When I was growing up, my parents used to have a disco party every year. They were kids from the 70’s, and the Bee Gees were a huge part of their lives. My Mom always says that she was a fan before “Night Fever” because she loved Robin’s voice and wanted to marry him! She said she went “way back” with him. She “had the hots” for him in 1968! So, as a kid, I remember decorating the basement, which was redone as a den and “rec” room. It became Bee Gees heaven. My Mom had posters, albums, photos, …anything and everything you could imagine relating to the Bee Gees. She knew every little detail about Robin’s life. I think she knew what his feelings were about every topic imaginable, what he ate, what he wore, where he lived. She was truly a groupie. She felt that Robin was the kind of guy who would show his emotions through his singing. She says that his heart was on his sleeve when he started to sing a song. No matter what kinds of music were out their being playing on the radio, she still thought Robin was the best. The party was always a blast because that music was contagious. My parents’ friends would dress up like Robin and Barry and Maurice, and they would karaoke all night long. As I got older, their music evolved and I got into it myself. I love “Size Isn’t Everything” and “Still Waters”, and now my kids are listening and learning all about Robin and the brothers. They can’t help it because whenever my Mom babysits for them or they visit her, they wind up coming home singing one of Robin’s songs or something wild like “Tragedy” or “Jive Talkin”. It suits me fine because this music brings back memories of the best growing up years and happy times with Mom and Dad. I know this is a life-long obsession that hopefully will be passed on through our generations. There aren’t enough words of thanks for Robin and his brothers who wrote some of the best music of my life. I know I couldn’t begin to write songs they way they did, and no one else can either. The mold was broken after they were born….truly genius, and Robin is forever in our family.
There are fans out there who were never lucky enough to see Robin in person, but they still felt a strong connection to him. Rose’s thoughts say it all.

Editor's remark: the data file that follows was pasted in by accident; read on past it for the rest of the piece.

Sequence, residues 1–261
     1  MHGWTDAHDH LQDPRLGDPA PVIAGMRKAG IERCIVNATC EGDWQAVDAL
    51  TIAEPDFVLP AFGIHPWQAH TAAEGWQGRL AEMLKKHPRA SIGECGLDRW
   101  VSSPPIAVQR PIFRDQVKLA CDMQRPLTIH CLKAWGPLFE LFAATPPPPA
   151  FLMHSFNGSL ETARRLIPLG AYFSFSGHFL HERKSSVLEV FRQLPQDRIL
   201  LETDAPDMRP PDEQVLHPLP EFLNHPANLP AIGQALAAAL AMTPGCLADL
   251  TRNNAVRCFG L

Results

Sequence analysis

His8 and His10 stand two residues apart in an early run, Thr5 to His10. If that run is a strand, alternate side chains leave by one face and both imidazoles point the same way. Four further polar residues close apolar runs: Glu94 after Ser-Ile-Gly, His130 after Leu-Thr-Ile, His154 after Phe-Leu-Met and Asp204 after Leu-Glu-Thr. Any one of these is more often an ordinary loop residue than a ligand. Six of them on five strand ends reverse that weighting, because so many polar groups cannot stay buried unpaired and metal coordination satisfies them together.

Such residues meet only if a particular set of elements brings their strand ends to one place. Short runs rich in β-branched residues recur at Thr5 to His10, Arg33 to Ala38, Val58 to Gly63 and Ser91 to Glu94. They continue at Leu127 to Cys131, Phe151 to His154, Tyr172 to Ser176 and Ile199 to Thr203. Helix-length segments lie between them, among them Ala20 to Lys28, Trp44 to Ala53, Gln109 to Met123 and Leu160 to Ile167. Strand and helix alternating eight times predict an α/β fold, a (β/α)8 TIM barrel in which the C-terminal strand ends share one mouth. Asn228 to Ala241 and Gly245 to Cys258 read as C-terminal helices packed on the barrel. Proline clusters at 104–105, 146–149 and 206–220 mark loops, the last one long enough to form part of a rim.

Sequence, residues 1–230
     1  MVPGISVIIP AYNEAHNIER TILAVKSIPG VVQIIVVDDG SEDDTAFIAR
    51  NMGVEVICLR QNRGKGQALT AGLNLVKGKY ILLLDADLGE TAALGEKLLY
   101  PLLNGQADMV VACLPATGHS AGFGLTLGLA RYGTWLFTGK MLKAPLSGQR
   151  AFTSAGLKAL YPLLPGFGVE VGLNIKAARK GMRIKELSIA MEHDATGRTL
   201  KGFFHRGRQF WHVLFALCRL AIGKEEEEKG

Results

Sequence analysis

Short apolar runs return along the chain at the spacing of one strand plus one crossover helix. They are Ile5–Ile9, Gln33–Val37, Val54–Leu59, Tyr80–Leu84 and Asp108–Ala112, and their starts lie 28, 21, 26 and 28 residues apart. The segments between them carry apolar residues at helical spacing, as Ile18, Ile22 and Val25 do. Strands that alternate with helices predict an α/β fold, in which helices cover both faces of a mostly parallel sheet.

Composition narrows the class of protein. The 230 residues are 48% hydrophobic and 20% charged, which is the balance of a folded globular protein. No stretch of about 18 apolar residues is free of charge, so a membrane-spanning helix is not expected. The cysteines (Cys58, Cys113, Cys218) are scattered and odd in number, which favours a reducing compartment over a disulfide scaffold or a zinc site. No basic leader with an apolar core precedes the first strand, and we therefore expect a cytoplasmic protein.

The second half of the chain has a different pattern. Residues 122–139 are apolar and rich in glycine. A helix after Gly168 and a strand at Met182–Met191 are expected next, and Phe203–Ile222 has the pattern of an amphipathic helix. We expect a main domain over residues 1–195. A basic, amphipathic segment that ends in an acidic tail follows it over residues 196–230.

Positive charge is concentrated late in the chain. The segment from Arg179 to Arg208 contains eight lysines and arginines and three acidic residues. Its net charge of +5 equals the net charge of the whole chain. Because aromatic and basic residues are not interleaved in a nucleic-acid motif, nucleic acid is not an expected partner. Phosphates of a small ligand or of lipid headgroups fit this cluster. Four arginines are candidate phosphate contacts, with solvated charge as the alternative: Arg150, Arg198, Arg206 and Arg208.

My family was very poor when I was a kid, and we didn’t even have a TV. I did have a small record player, though, and my friends would come over with Bee Gee records. It was the late 70’s when I first heard Robin Gibb sing, and I fell for his voice as though he was a movie star. I thought he sounded as though he was singing just for me. I was the oldest of five kids, and I had to babysit them every day after school, so the music was what helped me get through all the rough days and all the challenges. Being a child with adult responsibilities wasn’t fun, but music was my outlet. I would listen to Robin and sing with him. Growing up without any money meant that I couldn’t even go to movies, and being really poor is hard to explain to people who aren’t in that situation. I couldn’t go to the Bee Gee concerts, but I listened on the radio and had people in my life who shared their records with me. I was always grateful because the music was my friend as much as people were. Robin made a difference in my life, and I felt closer to him than any other singer. I think it was because of his uniqueness and the emotion I felt when I heard him. I always dreamed of traveling to Miami one day and meeting him so I could thank him for his talent, but I never did make it. Today I still cherish all of his music, and I have been collecting his older records and solo albums, and they are very special to me. I think Robin’s voice is timeless; I love him now just as much as I did in 1978, and I think there are fans all around the world who feel like I do. He helped me grow up, and he was always there for me through the music, and I love him for giving me so much of himself through his voice.